Michael P. Huseby Named New Barnes & Noble CEO

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Michael P. Huseby Named New Barnes & Noble CEO
By Ed!(talk)(Hall of Fame) (Transferred by Cloudbound/Originally uploaded by Ed!) [CC BY-SA 3.0 or GFDL], via Wikimedia Commons

Barnes & Noble, Inc. (NYSE:BKS) announced today that current President Michael P. Huseby was also taking over the reins as CEO. Huseby was named president of Barnes & Noble back in July of last year. He joined the bookseller as Chief Financial Officer in March of 2012.

“I am excited and honored to have been chosen as CEO of one of America’s most beloved companies,” said Huseby. “I am pleased, as well, to be joining an organization which is driven by both a sense of mission, and by a commitment to achieve excellence in everything it pursues.”

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Statement from Barnes & Noble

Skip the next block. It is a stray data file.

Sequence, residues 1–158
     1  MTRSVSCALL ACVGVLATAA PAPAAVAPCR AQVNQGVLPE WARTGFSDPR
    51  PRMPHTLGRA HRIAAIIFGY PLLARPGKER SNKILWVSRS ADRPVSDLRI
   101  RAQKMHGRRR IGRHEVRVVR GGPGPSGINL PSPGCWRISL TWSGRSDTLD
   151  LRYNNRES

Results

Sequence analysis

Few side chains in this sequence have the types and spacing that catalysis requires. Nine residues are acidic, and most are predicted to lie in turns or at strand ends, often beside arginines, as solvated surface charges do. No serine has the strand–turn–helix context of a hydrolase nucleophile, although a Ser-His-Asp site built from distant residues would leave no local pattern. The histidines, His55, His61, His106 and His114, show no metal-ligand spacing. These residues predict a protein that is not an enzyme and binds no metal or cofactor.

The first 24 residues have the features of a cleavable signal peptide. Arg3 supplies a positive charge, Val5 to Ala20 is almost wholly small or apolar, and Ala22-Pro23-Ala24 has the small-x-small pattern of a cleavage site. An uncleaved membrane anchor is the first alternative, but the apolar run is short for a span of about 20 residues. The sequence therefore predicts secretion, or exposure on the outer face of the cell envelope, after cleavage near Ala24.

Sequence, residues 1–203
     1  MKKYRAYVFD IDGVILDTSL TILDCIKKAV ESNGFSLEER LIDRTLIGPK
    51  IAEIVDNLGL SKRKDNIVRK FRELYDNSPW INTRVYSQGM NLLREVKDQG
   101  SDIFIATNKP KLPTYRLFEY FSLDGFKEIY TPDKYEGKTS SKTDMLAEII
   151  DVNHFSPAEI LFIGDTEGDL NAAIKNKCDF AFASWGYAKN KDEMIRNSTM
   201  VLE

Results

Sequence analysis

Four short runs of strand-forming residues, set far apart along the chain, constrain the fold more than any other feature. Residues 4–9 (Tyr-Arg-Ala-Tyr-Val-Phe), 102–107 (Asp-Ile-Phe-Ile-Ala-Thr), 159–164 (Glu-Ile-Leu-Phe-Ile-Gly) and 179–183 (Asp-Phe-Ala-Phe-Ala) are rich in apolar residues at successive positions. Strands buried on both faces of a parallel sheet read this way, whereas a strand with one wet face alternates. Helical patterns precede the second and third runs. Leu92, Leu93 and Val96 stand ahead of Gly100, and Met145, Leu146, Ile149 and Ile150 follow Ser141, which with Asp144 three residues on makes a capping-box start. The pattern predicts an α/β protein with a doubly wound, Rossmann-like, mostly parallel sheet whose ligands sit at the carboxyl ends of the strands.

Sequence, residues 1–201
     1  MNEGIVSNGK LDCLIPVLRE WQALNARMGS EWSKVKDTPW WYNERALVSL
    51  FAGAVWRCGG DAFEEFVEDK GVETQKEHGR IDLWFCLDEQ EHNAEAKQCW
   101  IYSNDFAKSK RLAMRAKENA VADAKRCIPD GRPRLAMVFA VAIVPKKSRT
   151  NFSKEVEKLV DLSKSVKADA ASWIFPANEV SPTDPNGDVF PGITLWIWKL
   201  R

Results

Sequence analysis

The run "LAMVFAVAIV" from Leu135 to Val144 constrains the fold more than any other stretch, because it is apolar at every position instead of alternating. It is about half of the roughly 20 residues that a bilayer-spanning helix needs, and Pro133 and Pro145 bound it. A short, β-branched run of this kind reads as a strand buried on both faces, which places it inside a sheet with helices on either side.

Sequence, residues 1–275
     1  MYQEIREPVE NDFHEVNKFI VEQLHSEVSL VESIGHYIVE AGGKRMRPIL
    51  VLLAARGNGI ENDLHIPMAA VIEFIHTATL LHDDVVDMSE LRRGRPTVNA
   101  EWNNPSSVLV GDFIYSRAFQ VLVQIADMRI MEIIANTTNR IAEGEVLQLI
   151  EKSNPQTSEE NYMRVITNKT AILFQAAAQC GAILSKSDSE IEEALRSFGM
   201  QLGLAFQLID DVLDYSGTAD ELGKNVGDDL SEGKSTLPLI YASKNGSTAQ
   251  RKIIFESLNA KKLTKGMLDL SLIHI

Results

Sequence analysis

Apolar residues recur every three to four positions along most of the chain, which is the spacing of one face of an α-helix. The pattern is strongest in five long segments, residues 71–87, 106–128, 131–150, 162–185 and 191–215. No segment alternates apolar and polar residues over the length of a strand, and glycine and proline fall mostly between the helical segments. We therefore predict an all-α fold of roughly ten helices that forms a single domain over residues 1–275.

Leonard Riggio, Chairman of the Board at Barnes & Noble, Inc. (NYSE:BKS), released a statement praising Huseby. “Since the day he joined the company, Mike has proven to be an excellent financial and business executive, whose leadership skills have earned the respect of the entire organization, as well as our Board of Directors,” said Riggio. “Although a relative newcomer to the retail book business, he has quickly developed a comprehensive understanding of the unique opportunities and challenges the Company faces, and he has a vision for the future in which I am in complete accord. Mike also has a passion for bookselling, which makes him a perfect fit for this job.”

Uncertain future for Barnes & Noble

Most analysts believe Barnes & Noble, Inc. (NYSE:BKS) faces an uphill battle to return to profits, given the long-term slump in paper book sales, the demise of the eReader and the apparent failure of the Nook tablet. Some even question the viability of the company over the medium-to-long-term given the scale of the recent losses in earnings and the structural issues to be overcome.

Other analysts, such as John Huber, suggest that Barnes & Noble, Inc. (NYSE:BKS) is really an under-appreciated diamond in the rough, and is really worth $20 to $30 a share given the company’s strong brand name and strategic partnerships. He argues there is real value in B&N’s core businesses, currently under-appreciated value that is likely to be unlocked over the next year or two.

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